Policy Priorities

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House Budget Chair Paul Ryan Releases Budget: Assault on Children

April 8, 2014

On Tuesday, April 1, House Budget Chairman Paul Ryan (R-WI) unveiled his budget for Fiscal Year 2015, presenting his vision for the future and a clear roadmap of his priorities. Unfortunately, once again, Ryan's budget chooses corporations over children, taking the food (and much more!) from mouths of children to give to the rich. Rather than promoting equality of opportunity, the Ryan budget would significantly worsen inequity. In short, Ryan's budget is an assault on children, families and the most vulnerable.      

Ryan's budget slashes $5.1 trillion in spending over the next decade by eviscerating the programs and services that are critical to middle- and lower-income Americans and proven to lift families out of poverty. Meanwhile, the budget heaps tax breaks on the wealthy, reducing the top income tax bracket from 39.6 percent to 25 percent, and the corporate rate from 35 percent to 25 percent. In addition, his budget breaks the bipartisan agreement to make balanced cuts, shifting $483 billion in agreed-to defense spending cuts onto domestic discretionary programs (like Head Start, Title I, and special education funding, public health services and research, nutritional aid for low-income mothers and babies, child care assistance, low-income housing assistance, and job training programs) on top of the deep cuts already in place. Ryan’s proposed 10-year $791 billion cuts to domestic discretionary spending would reduce funding to its lowest levels since modern government accounting, far below spending in the Reagan years. 

Specifically, this new Ryan budget:

  • Focuses most of its cuts on programs serving low-income children and families. According to the Center on Budget and Policy Priorities, at least 69 percent of the Ryan budget’s cuts to non-defense programs over the next decade would come from programs that serve low-income children, families and individuals including Medicaid, SNAP, school lunches and other child nutrition programs, Pell Grants, the Earned Income Tax Credit, the low-income portion of the Child Tax Credit, and Supplemental Security Income (that helps children with very serious disabilities). These cuts would total $3.3 trillion over 10 years.
  • Cuts a total of $137 billion from the Supplemental Nutrition Assistance Program (SNAP) over the next decade — 18 percent of funding — by including every major cut that the House passed in the fall of 2013 and by block granting SNAP starting in 2019. The proposed changes would  eliminate categorical eligibility for SNAP, the "Heat and Eat" provision used by 15 states and the District of Columbia to coordinate SNAP with LIHEAP (The Low-Income Household Energy Assistance Program), and put in place new work requirements. Under a block grant, states would decide which SNAP benefits to reduce or terminate. Today, the program already provides an average of only $1.40 per person per meal — primarily to poor children, working poor parents, seniors, people with disabilities, or others struggling to make ends meet.
  • Block grants Medicaid, repeals the Obamacare Medicaid expansion, slashing a total of $1.5 trillion over 10 years, $792 billion from repealing the expansion and $732 billion in additional cuts. The $732 billion cut would be a 19 percent drop in federal Medicaid and CHIP funding. Block granting shifts the costs to the state and is likely to result in reduced benefits, higher costs for enrollees, and worse access to care. Repealing the Medicaid expansion alone would lead to 13 million people losing their new coverage or losing eligibility in the future.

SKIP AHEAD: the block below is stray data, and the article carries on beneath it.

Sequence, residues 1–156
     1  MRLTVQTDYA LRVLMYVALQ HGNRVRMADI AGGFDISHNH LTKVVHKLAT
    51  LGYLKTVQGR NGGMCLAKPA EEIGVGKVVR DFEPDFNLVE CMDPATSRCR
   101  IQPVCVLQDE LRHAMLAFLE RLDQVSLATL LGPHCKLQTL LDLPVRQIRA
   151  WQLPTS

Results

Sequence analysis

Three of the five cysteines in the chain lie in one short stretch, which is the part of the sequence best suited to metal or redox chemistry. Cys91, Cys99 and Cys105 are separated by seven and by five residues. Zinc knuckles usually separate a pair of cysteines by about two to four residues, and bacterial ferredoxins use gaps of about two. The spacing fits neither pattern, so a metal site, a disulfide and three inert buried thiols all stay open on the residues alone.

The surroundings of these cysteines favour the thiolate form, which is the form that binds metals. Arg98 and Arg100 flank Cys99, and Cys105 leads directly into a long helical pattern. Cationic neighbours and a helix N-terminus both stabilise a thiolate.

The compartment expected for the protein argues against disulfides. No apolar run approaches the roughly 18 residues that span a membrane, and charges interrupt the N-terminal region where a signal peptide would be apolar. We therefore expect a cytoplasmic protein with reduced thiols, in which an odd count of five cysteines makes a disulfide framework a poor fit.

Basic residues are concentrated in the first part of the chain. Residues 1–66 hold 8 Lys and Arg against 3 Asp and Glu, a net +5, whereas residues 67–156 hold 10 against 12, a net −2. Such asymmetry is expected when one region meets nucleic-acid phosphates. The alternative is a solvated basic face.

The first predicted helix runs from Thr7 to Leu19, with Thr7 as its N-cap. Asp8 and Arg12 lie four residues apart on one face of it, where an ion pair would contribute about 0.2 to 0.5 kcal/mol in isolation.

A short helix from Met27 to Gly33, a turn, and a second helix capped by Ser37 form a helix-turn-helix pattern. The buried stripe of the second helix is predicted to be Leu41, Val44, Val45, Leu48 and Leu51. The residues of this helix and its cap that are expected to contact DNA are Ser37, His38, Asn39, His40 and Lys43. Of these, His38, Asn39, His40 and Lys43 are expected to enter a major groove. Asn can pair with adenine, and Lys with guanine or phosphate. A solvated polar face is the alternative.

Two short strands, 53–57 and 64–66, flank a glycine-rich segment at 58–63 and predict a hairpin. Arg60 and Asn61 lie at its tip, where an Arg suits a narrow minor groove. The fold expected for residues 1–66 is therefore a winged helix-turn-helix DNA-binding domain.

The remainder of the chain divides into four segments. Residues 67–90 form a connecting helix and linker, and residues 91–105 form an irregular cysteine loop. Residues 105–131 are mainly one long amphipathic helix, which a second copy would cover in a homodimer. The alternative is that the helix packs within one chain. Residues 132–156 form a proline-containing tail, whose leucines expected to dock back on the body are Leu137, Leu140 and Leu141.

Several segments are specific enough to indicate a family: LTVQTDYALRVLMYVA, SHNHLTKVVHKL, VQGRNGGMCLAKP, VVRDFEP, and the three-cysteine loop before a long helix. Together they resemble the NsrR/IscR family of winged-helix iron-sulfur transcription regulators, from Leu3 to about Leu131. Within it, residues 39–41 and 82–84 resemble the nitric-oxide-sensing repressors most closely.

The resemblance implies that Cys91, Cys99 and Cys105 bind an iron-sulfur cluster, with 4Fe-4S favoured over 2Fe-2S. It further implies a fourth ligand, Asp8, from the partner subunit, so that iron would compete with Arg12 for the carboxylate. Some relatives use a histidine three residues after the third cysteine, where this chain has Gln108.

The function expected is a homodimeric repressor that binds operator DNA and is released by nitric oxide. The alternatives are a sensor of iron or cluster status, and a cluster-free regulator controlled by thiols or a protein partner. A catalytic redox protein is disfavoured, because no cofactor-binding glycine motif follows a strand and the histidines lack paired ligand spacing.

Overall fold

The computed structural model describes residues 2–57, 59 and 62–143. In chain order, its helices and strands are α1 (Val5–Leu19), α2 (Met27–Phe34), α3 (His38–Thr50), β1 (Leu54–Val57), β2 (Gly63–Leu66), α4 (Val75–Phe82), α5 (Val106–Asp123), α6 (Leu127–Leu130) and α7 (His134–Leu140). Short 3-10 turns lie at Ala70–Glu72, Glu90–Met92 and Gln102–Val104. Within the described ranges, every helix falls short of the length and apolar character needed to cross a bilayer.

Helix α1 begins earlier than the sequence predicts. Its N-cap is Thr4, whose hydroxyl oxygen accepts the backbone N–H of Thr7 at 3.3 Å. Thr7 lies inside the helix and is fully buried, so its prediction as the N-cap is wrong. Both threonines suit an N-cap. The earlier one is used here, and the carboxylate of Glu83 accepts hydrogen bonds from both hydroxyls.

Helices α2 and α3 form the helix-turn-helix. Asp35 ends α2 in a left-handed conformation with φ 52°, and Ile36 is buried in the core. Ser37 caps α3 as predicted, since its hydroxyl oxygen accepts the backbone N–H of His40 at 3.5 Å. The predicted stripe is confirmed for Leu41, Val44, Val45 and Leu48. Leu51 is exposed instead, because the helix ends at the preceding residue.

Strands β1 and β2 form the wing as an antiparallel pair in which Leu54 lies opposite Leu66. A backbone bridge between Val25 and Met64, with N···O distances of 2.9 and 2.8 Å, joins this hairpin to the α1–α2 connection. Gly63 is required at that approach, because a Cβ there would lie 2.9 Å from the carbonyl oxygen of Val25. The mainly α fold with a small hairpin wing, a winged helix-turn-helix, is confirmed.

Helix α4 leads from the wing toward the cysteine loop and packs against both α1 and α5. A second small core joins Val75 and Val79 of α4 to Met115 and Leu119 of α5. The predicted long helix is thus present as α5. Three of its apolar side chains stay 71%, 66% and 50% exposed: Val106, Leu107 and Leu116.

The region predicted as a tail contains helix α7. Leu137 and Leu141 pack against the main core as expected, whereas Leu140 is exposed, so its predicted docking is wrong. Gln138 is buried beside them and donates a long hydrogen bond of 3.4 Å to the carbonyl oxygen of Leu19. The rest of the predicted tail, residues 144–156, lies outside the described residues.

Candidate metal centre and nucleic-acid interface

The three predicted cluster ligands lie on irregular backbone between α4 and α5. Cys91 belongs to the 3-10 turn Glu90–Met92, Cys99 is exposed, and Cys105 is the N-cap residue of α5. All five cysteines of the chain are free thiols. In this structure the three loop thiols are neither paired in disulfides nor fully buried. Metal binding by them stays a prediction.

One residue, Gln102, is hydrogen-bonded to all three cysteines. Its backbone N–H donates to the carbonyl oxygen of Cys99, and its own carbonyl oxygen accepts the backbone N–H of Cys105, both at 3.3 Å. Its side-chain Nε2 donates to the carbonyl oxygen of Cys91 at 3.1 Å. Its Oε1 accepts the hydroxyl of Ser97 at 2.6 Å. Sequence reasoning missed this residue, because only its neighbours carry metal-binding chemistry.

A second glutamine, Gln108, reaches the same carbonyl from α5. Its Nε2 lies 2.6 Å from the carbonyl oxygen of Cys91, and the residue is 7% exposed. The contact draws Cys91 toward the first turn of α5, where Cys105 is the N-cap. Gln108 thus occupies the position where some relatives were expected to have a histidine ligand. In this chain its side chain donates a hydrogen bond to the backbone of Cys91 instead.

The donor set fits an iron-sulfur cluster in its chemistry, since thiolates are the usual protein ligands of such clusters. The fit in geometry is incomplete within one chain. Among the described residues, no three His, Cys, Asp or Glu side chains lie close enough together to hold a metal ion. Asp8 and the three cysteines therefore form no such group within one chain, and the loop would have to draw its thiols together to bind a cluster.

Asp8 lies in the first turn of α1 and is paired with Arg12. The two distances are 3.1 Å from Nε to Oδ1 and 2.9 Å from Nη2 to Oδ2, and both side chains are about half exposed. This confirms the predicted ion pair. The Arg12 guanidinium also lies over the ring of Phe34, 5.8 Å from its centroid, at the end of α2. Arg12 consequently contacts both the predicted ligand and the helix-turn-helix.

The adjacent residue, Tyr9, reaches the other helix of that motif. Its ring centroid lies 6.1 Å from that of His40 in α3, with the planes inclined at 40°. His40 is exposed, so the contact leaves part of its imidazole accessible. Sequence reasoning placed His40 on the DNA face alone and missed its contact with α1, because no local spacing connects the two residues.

• Eliminates funding for the Children’s Health Insurance Program (CHIP) after FY 2015, and merges CHIP with Medicaid. This would eliminate the only health insurance program specifically for children, resulting in higher costs and less comprehensive coverage for millions of children. Additionally, at a time when the number of uninsured children is at a record low, it could result in the loss of coverage altogether for almost 2 million children.   
  • Repeals the entire Affordable Care Act, which has already brought relief to millions of Americans, including 7.1 million who have recently gained coverage through the new health insurance marketplaces, 3 million young adults who have been able to stay on their parents health insurance, and millions more who have received preventive care at no cost. At least 40 million low- and moderate-income people — 1 in 8 Americans — would become uninsured by 2024.
  • Makes it harder for low-incomes students to get college financial aid by cutting Pell grants by more than $125 billion over the next decade and freezing the maximum grant for students even as tuition continues to increase, worsening inequality of opportunity.
  • Repeals the Social Services Block Grant (SSBG) and the Community Development Block Grant. SSBG provides funding to states for the provision of child care, health services, and employment services, while the Community Development Block grant helps communities build affordable housing and expand job opportunities.

The vision of the future for children under this new Ryan budget is bleak, yet the U.S. House of Representatives Budget Committee has already passed this budget. The good news is that there are other, positive visions for children. President Obama’s FY 2015 budget proposal and the Congressional Progressive Caucus’ “Better Off Budget” both meet CDF’s budget principles to varying degrees by protecting children and low-income families from budget cuts, investing in children to promote long-term economic growth for the nation, and ensuring that the most advantaged Americans and corporations pay their fair share.

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